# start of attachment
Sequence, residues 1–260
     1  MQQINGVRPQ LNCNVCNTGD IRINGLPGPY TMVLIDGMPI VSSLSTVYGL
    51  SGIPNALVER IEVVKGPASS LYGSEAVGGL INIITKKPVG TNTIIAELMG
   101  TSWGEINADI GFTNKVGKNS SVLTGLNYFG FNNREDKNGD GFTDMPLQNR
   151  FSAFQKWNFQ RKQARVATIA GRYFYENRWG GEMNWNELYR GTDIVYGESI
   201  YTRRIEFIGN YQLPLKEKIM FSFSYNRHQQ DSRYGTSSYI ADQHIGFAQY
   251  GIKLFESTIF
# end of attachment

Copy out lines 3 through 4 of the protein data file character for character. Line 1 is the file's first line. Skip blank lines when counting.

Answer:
    51  SGIPNALVER IEVVKGPASS LYGSEAVGGL INIITKKPVG TNTIIAELMG
   101  TSWGEINADI GFTNKVGKNS SVLTGLNYFG FNNREDKNGD GFTDMPLQNR